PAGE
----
I spent the weekend moderating comic panels at MegaCon. The two things that came out moderating both new creators and old were: the power of a solidly written story and how much comics have declined in terms of readership.
I hosted creators from the days when comics published 300,000 copies per month (back in the 80’s) and those who were satisfied with cracking a 100K and regardless of the volume of sales, the intensity and imagination of these creators was a thing to “Marvel” at and also lament.
In response to a comment of the sales of a particular comic back in the 80’s, one creator said: “never again”.
I can’t buy into that. I can’t … as a teacher of English literature and a lover of sequential art, I can’t subscribe to the notion that the sales of a medium are what describe its success. Perhaps comic readership is declining, but remember, it was the comics industry that decided to change its sales format to selling to the “direct market” and the 80’s saw a proliferation of comic book stores. Now, I have to struggle to find a comic specialty store close to my neighbourhood, and damn it, if the publishing companies aren’t desperate to make their way back into mainstream sales venues like major booksellers like Amazon or Chapters up here in the Great White North.
But it’s the Jim Shooter maxim that if it’s great storytelling, then it’ll stand out that still resonates within me. For example, Chris Claremont is the definitely arch-mage when I consider the height of Marvel storytelling, and is probably the most recognizable name for me of those “legendary” creators who is still producing current work.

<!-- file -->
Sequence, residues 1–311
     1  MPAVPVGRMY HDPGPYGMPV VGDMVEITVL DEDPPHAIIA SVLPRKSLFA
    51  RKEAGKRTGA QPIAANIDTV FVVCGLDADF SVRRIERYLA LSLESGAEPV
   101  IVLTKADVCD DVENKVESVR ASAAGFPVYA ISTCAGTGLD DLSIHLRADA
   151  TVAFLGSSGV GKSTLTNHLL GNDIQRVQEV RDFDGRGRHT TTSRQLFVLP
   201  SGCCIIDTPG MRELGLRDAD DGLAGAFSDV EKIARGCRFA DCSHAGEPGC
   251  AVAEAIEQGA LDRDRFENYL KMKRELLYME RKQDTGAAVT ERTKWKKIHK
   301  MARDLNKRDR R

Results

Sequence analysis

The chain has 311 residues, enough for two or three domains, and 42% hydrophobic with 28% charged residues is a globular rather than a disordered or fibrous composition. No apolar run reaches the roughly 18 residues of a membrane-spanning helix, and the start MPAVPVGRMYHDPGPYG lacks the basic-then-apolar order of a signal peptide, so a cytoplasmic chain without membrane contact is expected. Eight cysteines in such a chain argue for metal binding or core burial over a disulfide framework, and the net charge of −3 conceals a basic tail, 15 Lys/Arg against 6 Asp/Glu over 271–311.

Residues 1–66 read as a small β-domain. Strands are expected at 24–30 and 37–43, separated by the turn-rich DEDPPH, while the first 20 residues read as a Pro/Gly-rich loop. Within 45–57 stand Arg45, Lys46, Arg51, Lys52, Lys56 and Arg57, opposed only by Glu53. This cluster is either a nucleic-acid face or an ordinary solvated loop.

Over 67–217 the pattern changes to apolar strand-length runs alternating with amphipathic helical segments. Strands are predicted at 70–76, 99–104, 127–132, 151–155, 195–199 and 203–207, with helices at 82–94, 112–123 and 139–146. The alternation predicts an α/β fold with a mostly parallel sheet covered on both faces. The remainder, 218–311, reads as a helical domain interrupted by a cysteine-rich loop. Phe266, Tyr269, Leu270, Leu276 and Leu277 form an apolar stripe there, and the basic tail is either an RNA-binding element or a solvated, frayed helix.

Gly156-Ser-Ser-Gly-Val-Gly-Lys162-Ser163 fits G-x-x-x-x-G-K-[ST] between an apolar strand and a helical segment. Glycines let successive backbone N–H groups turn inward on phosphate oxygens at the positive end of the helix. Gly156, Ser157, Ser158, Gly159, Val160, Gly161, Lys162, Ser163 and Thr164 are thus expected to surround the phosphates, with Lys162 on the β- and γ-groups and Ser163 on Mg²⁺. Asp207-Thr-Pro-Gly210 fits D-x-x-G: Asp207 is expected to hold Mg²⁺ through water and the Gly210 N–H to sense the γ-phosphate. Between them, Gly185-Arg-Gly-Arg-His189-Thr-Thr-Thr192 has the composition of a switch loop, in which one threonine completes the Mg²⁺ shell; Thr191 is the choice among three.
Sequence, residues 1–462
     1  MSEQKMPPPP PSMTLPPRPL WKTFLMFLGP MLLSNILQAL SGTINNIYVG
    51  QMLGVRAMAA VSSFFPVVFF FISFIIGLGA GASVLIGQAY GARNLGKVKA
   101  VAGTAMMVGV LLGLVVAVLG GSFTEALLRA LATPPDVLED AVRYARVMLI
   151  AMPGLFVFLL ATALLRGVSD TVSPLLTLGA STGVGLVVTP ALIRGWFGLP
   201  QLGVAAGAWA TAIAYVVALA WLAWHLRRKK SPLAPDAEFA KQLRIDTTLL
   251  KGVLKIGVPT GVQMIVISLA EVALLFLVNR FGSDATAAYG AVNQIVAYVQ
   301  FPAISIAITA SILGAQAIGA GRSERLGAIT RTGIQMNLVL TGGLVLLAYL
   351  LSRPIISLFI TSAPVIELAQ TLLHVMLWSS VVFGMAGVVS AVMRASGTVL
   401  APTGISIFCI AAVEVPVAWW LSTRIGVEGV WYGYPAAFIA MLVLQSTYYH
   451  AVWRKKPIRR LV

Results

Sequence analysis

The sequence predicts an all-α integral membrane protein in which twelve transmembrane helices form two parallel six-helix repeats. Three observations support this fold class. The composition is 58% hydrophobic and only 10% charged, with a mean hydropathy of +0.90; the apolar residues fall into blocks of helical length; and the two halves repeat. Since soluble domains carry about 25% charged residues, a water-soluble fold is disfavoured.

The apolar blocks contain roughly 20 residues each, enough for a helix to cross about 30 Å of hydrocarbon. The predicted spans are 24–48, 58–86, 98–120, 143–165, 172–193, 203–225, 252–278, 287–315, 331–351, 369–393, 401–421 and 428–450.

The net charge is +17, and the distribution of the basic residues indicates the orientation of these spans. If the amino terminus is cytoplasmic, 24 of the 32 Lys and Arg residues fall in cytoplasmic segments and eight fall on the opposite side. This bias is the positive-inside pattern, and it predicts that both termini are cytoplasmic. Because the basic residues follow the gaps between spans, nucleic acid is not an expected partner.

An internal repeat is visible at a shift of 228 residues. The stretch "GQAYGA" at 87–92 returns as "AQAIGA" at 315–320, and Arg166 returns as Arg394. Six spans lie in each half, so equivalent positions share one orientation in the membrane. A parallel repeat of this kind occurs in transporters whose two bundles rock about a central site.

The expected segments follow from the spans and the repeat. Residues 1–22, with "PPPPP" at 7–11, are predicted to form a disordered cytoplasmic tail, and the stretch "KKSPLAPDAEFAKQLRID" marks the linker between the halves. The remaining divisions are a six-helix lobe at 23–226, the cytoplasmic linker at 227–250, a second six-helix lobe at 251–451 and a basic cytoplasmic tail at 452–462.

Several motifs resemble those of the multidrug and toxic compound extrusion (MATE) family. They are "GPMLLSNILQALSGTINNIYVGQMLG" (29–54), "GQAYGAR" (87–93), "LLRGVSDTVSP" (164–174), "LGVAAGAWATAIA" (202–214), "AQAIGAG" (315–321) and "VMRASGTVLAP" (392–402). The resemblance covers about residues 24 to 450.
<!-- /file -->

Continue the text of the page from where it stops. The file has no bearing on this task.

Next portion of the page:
I miss Claremont’s work. There was a time when I would leave school and take a specifically different bus in order to get my comics. Claremont’s name was the name I looked for the most. The New Mutants, The X-Men, Alpha Flight, Iron Fist, – the list goes on. I would look for these titles in various stages of my youth, knowing that Claremont was the standard to which I held other writers to.
Incidentally, it was my pleasure to host Chris at MegaCon in Orland this weekend, and I think Chris misses those days too.
Insert proverbial sigh here.
It’s a short list of titles this week, due to the extended holiday weekend, but let’s get to it, nonetheless.
Black Road #10
I fell in love with this book when it first appeared on my reading list, but this issue – apparently the end of the story – definitely let me down. I was expecting a greater sense of resolution from Magnus the Black, but he ended his story with a disappointing sense of ennui. It was as if nothing that he did mattered and that the world would continue to grow more and more disillusioned as the centuries progressed.
I don’t need a comic to tell me that we live that sense of dreary reality every day. In fact, that’s why we need comics.
This book had a lot of potential and I’m sorry to see it end so undramatically.
Star Trek: Waypoint #5
I love anthologies and I love Star Trek – and IDW definitely has the right idea in mind when they diversified an amount of titles to maximize their license and an anthology is the way to go; however, I have to say that I am yet to be blown away by any of these titles so far.
This is a great opportunity for IDW to capitalise on its franchise license and put its best talent on a book that could really shine, but instead, they are making it a “farm” comic for new talent to showcase their abilities in a professional comic label on a high-profile property. While I admire their commitment to new talent, I have to say, the talent doesn’t really measure up to the best that this franchise deserves.
I say that without prejudice; I honestly do – but the problem I have with this title so far is the level of quality that has been produced in this book.
We have two stories in this book. The first, “Frontier Doctor”, is a “Deep Space Nine” story, featuring Doctor Bashir and Miles O’Brien. While it completely captures the relationship between the chief and the doctor, it is fairly quick and done before the reader has a chance to get invested in the comic.